El-Arish: A Libyan aid ship, initially bent on busting the Gaza blockade, entered Egyptian waters on Wednesday and was expected to dock at the port of El-Arish, Egyptian state television reported.
The news appeared to allay concerns of confrontation with the Israeli Navy, which had reportedly threatened to use force if the ship did not either turn back or head for Egypt.
"The Libyan ship carrying humanitarian aid for Gaza has entered Egyptian territorial waters and is headed to El-Arish," the report said.
The Libyan charity that chartered the Almathea, the Kadhafi Foundation, confirmed that the aid ship was headed to Egypt.
The television said the ship was approximately 13 nautical miles from El-Arish, and officials there said it was expected to arrive around 8:30 pm (17:30 GMT).
Earlier, Egyptian Foreign Minister Ahmed Abul Gheit said it had received a request for the Amalthea to dock and that permission had been granted.
"As soon as the ship arrives in El-Arish, Egyptian authorities will unload its cargo and hand the aid to the Egyptian Red Crescent, which will deliver it to the Palestinian side," he said.
"We have taken all measures and are ready with the assistance of the Egyptian Red Crescent to unload the cargo and have it delivered" to Gaza, North Sinai governor Murad Muwafi said.
Officials at El-Arish said they expected the ship, laden with 2,000 tonnes of food and medicine, to be unloaded on Thursday.
Earlier in the day, the Kadhafi Foundation had said four Israeli warships were on either side of the freighter, trying to prevent it from heading to the Gaza coast.
The foundation`s Yussef Sawan said the Israelis had given the captain the choice of either turning back or heading to El-Arish. "If not, they have threatened to resort to force."
Later, Sawan said that "out of concern for the security of everybody on board, the foundation decided to head (the boat) for El-Arish and to unload its cargo there."
He said the mission had "scored points" for the Palestinian people and for the reconstruction of Gaza.
The Amalthea had moved slowly for part of the day after experiencing engine trouble overnight and stalling at a spot in international waters 60 nautical miles from El-Arish and 80 from Gaza, the Israeli military said.
Speaking to the Maariv daily, a senior military official said naval forces were not expecting any problems from those on board but they were prepared to respond if it became necessary.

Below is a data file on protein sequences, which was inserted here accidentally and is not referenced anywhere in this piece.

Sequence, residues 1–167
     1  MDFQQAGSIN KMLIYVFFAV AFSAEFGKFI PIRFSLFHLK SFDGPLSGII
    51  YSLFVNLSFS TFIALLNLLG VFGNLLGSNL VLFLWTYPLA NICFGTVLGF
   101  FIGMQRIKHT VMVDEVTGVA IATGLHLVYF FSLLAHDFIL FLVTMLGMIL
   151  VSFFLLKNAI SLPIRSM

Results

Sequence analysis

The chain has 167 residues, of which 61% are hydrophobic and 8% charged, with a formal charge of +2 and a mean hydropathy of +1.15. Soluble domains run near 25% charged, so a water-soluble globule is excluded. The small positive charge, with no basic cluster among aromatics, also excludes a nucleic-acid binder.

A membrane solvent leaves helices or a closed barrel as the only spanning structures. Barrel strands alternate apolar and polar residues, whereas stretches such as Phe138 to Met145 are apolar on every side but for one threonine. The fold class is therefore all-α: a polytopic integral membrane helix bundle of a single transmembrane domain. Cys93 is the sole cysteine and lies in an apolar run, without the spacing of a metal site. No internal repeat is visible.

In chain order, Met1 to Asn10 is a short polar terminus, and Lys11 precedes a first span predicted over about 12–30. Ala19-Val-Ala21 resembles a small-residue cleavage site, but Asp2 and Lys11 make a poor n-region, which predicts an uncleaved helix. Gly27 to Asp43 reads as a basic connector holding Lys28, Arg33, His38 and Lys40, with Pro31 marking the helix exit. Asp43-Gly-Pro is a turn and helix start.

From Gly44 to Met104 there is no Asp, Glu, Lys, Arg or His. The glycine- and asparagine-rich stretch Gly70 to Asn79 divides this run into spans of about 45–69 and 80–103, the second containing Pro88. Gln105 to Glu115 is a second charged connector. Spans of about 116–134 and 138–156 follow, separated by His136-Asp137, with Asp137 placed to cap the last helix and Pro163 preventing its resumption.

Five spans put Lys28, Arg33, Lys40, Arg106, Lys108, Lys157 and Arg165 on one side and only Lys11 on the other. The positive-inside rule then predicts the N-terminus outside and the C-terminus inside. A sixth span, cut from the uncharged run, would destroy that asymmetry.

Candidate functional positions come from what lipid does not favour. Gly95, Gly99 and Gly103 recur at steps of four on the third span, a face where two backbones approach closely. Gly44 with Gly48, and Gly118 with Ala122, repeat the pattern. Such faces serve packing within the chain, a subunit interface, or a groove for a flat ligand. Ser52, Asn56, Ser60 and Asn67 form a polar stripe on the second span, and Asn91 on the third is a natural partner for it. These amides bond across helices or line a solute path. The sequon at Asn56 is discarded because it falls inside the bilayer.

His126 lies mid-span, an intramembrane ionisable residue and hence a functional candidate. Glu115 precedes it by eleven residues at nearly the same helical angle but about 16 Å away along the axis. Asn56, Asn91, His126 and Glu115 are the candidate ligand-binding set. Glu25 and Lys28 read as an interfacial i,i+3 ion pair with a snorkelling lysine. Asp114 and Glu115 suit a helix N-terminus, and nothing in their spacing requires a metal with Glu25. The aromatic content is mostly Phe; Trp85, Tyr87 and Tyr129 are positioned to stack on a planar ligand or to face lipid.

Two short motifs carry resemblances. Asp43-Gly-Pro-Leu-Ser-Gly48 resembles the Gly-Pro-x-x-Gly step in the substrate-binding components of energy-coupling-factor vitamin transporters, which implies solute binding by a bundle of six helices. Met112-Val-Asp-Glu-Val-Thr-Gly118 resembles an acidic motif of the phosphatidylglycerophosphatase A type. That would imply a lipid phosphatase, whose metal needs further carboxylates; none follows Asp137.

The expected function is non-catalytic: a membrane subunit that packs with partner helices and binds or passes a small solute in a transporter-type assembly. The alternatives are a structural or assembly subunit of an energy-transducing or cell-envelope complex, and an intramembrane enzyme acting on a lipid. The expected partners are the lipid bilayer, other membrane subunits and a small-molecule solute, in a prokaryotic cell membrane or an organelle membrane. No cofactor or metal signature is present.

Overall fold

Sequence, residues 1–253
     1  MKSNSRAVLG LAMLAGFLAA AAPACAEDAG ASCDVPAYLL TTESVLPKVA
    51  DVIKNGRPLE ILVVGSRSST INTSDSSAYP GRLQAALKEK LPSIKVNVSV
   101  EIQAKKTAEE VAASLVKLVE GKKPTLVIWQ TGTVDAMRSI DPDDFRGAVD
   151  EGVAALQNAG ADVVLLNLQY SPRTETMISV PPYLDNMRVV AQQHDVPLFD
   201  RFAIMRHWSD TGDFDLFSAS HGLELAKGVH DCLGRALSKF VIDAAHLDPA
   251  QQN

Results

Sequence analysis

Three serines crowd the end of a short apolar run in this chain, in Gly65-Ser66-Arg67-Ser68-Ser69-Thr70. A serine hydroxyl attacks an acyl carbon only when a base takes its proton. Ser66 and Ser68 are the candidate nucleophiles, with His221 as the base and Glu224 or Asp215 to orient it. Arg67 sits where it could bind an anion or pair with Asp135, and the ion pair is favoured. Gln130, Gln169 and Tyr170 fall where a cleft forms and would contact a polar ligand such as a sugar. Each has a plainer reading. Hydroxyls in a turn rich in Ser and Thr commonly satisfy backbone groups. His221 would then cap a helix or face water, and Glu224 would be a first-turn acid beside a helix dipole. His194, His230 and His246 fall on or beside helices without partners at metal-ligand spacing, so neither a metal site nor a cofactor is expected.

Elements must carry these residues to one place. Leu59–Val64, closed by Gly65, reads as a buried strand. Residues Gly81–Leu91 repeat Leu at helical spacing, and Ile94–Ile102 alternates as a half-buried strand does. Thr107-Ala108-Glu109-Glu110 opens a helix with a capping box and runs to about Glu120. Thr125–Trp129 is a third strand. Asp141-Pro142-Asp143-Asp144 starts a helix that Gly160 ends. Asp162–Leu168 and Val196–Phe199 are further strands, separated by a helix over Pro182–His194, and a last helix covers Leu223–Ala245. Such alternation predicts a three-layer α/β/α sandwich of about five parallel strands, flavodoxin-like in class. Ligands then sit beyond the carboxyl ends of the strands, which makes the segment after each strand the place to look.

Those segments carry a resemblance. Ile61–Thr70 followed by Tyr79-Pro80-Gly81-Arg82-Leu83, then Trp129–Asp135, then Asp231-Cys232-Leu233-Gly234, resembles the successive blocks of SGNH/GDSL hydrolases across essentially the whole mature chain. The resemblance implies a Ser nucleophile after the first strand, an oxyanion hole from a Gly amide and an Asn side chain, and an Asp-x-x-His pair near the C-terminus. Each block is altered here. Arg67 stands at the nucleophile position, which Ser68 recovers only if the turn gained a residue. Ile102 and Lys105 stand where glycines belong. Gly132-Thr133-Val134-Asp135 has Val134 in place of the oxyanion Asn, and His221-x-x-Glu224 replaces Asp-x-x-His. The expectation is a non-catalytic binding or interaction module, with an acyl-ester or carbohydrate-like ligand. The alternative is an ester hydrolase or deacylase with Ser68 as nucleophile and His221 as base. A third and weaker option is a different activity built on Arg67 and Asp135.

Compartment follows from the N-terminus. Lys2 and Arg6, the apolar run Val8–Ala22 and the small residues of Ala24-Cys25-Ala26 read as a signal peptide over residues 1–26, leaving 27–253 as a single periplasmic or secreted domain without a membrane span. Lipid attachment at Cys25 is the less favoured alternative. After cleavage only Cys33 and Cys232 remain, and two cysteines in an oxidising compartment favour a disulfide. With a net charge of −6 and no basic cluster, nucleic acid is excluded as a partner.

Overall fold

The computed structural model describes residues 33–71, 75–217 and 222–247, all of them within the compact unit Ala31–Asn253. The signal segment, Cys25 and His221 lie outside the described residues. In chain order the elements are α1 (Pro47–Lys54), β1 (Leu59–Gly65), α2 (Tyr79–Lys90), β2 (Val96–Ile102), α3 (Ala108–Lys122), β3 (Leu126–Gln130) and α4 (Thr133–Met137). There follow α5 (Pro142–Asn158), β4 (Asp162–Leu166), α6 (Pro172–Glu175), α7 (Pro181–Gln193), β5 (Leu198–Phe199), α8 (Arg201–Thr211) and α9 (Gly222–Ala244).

"We do not expect any resistance," he said. "But if our soldiers do encounter problems, they will not hesitate to use force."
On May 31, when Israeli commandos boarded a flotilla of Gaza-bound aid ships, they killed nine Turkish activists, and dozens of other people were wounded, including nine of the soldiers.
Tony Blair, the representative of the Middle East diplomatic Quartet, on Wednesday urged "all sides to act with restraint."
"The most important thing is to avoid confrontation, which is why the established channels for delivering aid to Gaza should be used in accordance with the new policy we have been working on.
Following international pressure, Israel has agreed to ease its four-year-old blockade of the Hamas-run Gaza Strip.
The 92-metre (302-foot) Amalthea had left Greece on Saturday carrying a crew of 12, the shipping agent said. There were also nine passengers -- six Libyans, a Nigerian, a Moroccan and an Algerian.
Earlier this week, the Israeli military published the results of an internal inquiry into the deadly May 31 raid, which found that while mistakes had been made, the troops` use of live fire was "justified".
And Israel again defended its actions during a hearing of the UN Human Rights Committee on Wednesday.
"No ship can breach this blockade, be they civil or military ships. Whoever violates the blockade is heading for retaliation," Israeli envoy Sari Rubenstein told the committee.
Israel says it now prevents only the arms and goods it says could be used to build weapons or fortifications from entering Gaza, but that its naval blockade will remain in place to prevent Palestinian armed groups from bringing weapons by sea.